02 May 2022

Nigeria: The minimum wage – 30,000 Naira/72 USD – is not sufficient to buy “basic foodstuffs for the healthy living of an adult in a month, let alone an entire family” which would require 40,980 Naira/98 USD for one adult (at January 2022 prices). Compliance is a problem. “Even the Nigeria Labour Congress, the umbrella body of labour unions, is yet to fully implement the minimum wage for its own staff”. Workers have to reduce food purchases or buy food of lesser quality to make ends meet. Many can only afford one meal a day. And prices – not only for food but also for school fees and school books etc. – are continuing to rise. Many take on extra work. Still, poverty is increasing – from 39.1% in 2018 to 40% in 2020 and 42.6% and 2021. For 2022 the forecast is 44%.

Nigeria: “Only 17 percent of Nigerian workers hold jobs that pay enough to get them out of poverty.” And it is getting worse: inflation stood at 15.9% in March, food inflation at 17.2%. To cope, people are taking on extra work and reduce expenditures on essential services like health, electricity, and transportation. If in need of cash, many become victims to predatory lenders who lend at excessive rates. To ease food supply constraints and sustainably lower cost of food, the government needs to improve conditions for agricultural production – keeping in mind that “the key to food security lies with small producers” (as shown by India, the article’s author says). With income in the agricultural sector increasing, their demand will increase and the whole economy will benefit.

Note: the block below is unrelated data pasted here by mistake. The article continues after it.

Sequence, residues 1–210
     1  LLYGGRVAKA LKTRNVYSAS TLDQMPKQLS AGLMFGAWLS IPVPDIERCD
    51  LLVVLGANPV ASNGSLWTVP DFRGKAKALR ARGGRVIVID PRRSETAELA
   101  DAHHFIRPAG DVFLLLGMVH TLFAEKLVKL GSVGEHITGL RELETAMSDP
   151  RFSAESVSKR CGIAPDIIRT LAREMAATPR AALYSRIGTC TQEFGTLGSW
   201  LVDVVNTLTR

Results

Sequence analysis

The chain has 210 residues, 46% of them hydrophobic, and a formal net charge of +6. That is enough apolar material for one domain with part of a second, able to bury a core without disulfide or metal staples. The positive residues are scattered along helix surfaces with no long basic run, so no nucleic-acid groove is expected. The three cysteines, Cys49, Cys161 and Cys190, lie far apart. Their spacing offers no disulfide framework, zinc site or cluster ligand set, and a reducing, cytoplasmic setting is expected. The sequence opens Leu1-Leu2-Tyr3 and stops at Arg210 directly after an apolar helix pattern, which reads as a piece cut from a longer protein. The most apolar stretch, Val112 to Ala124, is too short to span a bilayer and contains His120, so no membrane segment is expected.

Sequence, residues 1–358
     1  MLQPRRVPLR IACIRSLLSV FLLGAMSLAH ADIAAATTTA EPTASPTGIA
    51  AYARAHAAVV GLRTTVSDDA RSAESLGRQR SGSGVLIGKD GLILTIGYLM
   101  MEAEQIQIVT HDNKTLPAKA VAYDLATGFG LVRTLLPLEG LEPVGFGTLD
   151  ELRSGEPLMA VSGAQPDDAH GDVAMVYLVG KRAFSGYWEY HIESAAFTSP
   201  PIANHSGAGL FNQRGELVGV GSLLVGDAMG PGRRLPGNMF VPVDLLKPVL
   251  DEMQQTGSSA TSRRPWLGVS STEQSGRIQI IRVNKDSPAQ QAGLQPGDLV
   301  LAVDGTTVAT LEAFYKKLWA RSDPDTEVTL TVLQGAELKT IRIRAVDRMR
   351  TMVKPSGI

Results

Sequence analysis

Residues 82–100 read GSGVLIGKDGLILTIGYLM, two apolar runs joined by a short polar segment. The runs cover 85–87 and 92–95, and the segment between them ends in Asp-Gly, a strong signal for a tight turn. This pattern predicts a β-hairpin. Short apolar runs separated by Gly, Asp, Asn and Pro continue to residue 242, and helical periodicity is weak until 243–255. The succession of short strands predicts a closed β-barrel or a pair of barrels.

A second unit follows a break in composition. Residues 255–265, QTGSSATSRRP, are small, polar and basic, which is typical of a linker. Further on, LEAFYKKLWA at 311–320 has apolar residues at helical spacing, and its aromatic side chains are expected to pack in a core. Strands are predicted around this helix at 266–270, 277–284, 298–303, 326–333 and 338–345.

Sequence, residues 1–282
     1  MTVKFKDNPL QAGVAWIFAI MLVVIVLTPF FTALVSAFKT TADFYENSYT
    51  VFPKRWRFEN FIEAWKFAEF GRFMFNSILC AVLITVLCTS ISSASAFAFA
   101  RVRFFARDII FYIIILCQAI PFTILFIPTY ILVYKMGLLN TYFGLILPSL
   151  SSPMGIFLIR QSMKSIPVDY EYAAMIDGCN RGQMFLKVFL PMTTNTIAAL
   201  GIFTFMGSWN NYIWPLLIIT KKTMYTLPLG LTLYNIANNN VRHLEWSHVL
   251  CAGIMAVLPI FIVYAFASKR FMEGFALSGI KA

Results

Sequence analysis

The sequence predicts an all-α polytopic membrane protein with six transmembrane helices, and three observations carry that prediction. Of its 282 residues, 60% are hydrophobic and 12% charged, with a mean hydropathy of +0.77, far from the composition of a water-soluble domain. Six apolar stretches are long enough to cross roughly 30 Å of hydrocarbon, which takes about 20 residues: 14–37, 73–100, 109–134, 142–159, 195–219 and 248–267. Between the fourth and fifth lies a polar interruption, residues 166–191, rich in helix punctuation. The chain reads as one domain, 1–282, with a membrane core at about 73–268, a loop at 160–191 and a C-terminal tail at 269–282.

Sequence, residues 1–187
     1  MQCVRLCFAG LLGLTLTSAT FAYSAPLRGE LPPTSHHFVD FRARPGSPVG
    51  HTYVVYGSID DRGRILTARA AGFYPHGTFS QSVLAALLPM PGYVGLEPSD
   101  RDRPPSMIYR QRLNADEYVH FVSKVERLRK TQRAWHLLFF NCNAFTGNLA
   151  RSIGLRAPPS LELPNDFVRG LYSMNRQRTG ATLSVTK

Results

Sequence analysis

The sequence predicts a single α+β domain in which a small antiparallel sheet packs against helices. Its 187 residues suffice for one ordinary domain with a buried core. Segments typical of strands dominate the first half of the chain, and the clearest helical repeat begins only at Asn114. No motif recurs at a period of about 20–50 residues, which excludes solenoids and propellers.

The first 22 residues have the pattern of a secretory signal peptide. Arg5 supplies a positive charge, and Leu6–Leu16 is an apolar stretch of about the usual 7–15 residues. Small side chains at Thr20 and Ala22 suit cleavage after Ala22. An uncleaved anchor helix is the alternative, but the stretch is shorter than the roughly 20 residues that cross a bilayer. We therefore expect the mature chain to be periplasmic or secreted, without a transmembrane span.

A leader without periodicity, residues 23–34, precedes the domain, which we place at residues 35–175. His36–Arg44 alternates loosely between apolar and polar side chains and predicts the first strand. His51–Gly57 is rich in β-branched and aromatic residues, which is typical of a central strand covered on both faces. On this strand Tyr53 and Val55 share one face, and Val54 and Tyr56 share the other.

Tunisia: President Kaïs Saïed says he will establish a committee to rewrite the constitution within days. Will this be to concentrate more power in his hands?
BBC Africa Latest Updates 02 May 2022. 8:40

Cocoa/Ghana: Area covered by forest has been dramatically reduced, But “(c)ocoa farming requires tropical forestland. This is limited (…). So when the land is exhausted, farmers would benefit from diversifying to products like rubber and palm oil.” But this is against the interests of the chocolate industry multinationals and they try to prevent such diversification. With no new forestland available, replanting necessitates 260 days of labour per hectare – compared to only 74 days for planting using slash and burn – so child labour is increasingly used to keep costs low. While cocoa planters have become poorer, Ghana’s cocoa marketing board, COCOBOD has intervened to keep the planters going without loss of income – but it is acting in the interest of the cocoa industry, not in the planters’ interest. “The way forward is to switch from cocoa to crops that do not require forestland (new or exhausted), extra fertilisers or more labour”, for example rubber.

Agriculture: The idea that all youths are moving out of agriculture and that only old people are left behind to work in agriculture is wrong as proven by the article’s authors’ research in Ghana, Rwanda, Uganda, Zambia, Nigeria and Tanzania. Agriculture is still “the single largest employer of rural youth”. But what is missing “is a critical mass of skilled young Africans with access to finance and know-how to drive productivity growth in farming and related value chains”.